Preliminary study of RELAXin in Acute Heart Failure - Pre-RELAX-AHF
The goal of the trial was to evaluate treatment with relaxin, a natural human peptide, compared with placebo in patients with acute heart failure. This was a dose-finding phase IIb study.
Relaxin would be more effective in symptom relief.
- Placebo Controlled
Patients Enrolled: 234
NYHA Class: I - 0%, II - 35%, III - 43%, IV - 13%
Mean Follow Up: 180 days
Mean Patient Age: 72 years
Mean Ejection Fraction: 48% of patients with left ventricular ejection fraction <40%
- Patients at least 18 years of age within 16 hours of presentation for acute heart failure; systolic blood pressure at least 125 mm Hg; and renal insufficiency, defined as a glomerular filtration rate 30-75 ml/min/1.73 m2
- Acute heart failure was defined as dyspnea at rest or minimal exertion, pulmonary congestion on chest radiograph, and elevated BNP (≥350 pg/ml) or NT-proBNP (≥1400 pg/ml).
- Need for intravenous inotropic support
- Severe pulmonary disease
- Stenotic valvular heart disease
- Acute coronary syndrome within the last 45 days
- Troponin concentration more than 3 times the upper limit of normal
- Relief of dyspnea as assessed by the Likert scale
- In-hospital worsening of heart failure from baseline to day 5
- Worsening of renal function
- Length of hospital stay
- Days alive out of the hospital up to day 60
- Cardiovascular mortality or readmission for heart failure up to day 60
- Cardiovascular mortality up to day 180
Patients admitted with acute heart failure were randomized to intravenous placebo (n = 62) or one of four doses of intravenous relaxin for 48 hours: 1) 10 µg/kg daily (n = 40), 2) 30 µg/kg daily (n = 43), 3) 100 µg/kg daily (n = 39), or 4) 250 µg/kg daily (n = 50).
At baseline, in the relaxin 10 µg/kg daily dose, the use of angiotensin-converting enzyme inhibitor/angiotensin-receptor blocker was 65%, nitrate was 25%, beta-blocker was 58%, calcium-channel blocker was 20%, aldosterone inhibitor was 33%, and digoxin was 30%.
Overall, 234 patients were randomized. There was no difference in baseline characteristics between the groups. For the relaxin 10 µg/kg group, which was representative of the other study groups, the mean age was 72 years, 47% were women, 63% had ischemic heart disease, 33% had diabetes, 70% had an N-terminal prohormone of B-type natriuretic peptide (NT-proBNP) level >2000 ng/L, the mean systolic blood pressure was 145 mm Hg, and the mean pulse was 81 bpm.
The proportion of patients with moderately or markedly improved dyspnea was 28% with 10 µg relaxin (p = 0.54 compared with placebo), 40% with 30 µg (p = 0.044), 14% with 100 µg (p = 0.28), 22% with 250 µg (p = 0.86), and 23% with placebo.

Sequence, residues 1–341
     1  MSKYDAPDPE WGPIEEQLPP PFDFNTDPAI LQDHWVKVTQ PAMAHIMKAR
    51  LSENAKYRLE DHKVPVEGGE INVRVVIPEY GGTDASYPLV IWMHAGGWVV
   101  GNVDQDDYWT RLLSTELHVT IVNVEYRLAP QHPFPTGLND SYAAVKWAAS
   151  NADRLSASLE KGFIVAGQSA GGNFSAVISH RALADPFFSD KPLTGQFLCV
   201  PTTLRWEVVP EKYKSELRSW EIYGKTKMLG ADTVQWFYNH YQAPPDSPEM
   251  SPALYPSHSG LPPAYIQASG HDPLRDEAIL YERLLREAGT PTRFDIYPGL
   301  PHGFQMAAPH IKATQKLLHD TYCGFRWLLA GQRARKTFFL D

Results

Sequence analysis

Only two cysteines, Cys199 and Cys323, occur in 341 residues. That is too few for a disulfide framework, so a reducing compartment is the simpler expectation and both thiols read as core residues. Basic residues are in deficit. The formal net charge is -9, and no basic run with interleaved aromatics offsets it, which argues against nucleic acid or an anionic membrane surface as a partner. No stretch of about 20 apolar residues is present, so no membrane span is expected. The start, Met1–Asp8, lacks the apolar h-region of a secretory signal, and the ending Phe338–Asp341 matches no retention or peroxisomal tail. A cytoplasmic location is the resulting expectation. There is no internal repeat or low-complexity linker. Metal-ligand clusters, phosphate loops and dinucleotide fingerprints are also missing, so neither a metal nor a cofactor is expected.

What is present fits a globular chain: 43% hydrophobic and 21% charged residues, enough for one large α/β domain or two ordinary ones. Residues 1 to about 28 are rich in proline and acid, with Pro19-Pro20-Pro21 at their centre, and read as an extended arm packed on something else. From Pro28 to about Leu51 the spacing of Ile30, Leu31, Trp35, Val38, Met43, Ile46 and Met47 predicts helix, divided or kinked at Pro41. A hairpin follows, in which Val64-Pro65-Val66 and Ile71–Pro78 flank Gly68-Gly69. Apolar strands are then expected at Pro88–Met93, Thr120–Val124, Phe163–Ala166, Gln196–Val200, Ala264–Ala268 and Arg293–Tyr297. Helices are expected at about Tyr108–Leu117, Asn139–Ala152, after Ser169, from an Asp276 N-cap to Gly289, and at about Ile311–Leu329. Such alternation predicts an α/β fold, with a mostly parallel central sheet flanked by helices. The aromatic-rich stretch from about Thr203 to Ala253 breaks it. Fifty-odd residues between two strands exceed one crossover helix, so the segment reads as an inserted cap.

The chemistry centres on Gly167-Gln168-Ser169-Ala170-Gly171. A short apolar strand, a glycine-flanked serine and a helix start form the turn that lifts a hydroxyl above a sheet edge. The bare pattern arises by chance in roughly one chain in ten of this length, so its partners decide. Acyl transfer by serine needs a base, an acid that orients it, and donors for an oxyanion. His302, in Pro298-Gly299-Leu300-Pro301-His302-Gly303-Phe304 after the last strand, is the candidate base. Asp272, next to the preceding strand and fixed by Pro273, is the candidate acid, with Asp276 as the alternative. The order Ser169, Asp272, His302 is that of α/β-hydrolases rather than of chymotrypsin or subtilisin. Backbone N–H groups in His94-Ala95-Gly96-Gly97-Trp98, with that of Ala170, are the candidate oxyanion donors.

Worsening heart failure through day 5 occurred in 20% of the 10 µg relaxin group (p = 0.75 compared with placebo), 12% of the 30 µg group (p = 0.29), 14% of the 100 µg group (p = 0.40), 10% of the 250 µg group (p = 0.15), and 21% with placebo. Cardiovascular death through 180 days occurred in 2.5% (p = 0.15 compared with placebo), 0% (p = 0.046), 2.9% (p = 0.17), 6.2% (p = 0.53), and 14.3%, respectively.
Patients with any serious adverse event through 30 days occurred in 18%, 17%, 8%, 16%, and 16%, respectively. More than 25% increase in serum creatinine through 5 days occurred in 10%, 21%, 29%, 24%, and 13%, respectively.
Among patients admitted with decompensated heart failure, preserved blood pressure, and mild renal insufficiency, the use of relaxin appeared to be effective in improving heart failure symptoms. Among the four doses of relaxin, the 30 µg/kg daily dose appeared to produce the most benefit in dyspnea improvement relative to placebo. Worsening heart failure through 5 days was lowest in the 30 µg and 250 µg groups, although these differences were nonsignificant. Cardiovascular mortality through 180 days was significantly reduced in the 30 µg group. Serious adverse events were evenly distributed among the groups. Serum creatinine increase of more than 25%, ranged from 10% in the 10 µg group, to 13% with placebo, to 29% in the 100 µg group.
Relaxin is an endogenous human peptide that may produce beneficial clinical effects in heart failure patients through its vasodilatation properties. There were no important safety signals from this trial. This study provides support to the development of a larger phase III trial (RELAX-AHF-1) that would study relaxin (30 µg per kg daily) versus placebo on clinical outcomes.
Teerlink JR, Metra M, Felker GM, et al. Relaxin for the treatment of patients with acute heart failure (Pre-RELAX-AHF): a multicentre, randomized, placebo-controlled, parallel-group, dose-finding phase IIb study. Lancet 2009;373:1429-39.
Keywords: Myocardial Ischemia, Renal Insufficiency, Vasodilation, Heart Failure, Peptide Fragments, Blood Pressure, Glomerular Filtration Rate, Creatinine, Dyspnea, Relaxin, Diabetes Mellitus, Natriuretic Peptide, Brain
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